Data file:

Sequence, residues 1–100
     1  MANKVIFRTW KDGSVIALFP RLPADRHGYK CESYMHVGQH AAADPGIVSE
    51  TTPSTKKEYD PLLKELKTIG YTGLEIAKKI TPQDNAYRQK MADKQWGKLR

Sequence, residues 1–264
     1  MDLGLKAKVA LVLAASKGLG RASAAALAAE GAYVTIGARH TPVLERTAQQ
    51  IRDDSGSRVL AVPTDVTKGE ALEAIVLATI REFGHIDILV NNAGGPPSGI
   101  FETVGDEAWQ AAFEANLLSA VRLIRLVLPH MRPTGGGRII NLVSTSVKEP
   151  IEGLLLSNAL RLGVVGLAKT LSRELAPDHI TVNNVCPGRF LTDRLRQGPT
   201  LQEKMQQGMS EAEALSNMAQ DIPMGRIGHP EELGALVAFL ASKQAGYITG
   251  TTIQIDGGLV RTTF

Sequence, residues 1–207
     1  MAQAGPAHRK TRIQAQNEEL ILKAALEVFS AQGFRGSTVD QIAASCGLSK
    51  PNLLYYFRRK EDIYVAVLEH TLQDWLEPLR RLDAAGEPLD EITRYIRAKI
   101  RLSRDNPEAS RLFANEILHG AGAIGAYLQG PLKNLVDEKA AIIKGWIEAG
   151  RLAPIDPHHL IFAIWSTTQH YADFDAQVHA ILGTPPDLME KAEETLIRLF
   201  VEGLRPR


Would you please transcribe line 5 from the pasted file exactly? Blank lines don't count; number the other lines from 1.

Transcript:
     1  MDLGLKAKVA LVLAASKGLG RASAAALAAE GAYVTIGARH TPVLERTAQQ